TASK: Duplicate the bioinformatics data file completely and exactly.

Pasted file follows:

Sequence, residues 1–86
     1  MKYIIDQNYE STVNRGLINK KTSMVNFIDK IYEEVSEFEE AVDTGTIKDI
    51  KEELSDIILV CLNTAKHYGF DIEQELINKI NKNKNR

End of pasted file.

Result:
Sequence, residues 1–86
     1  MKYIIDQNYE STVNRGLINK KTSMVNFIDK IYEEVSEFEE AVDTGTIKDI
    51  KEELSDIILV CLNTAKHYGF DIEQELINKI NKNKNR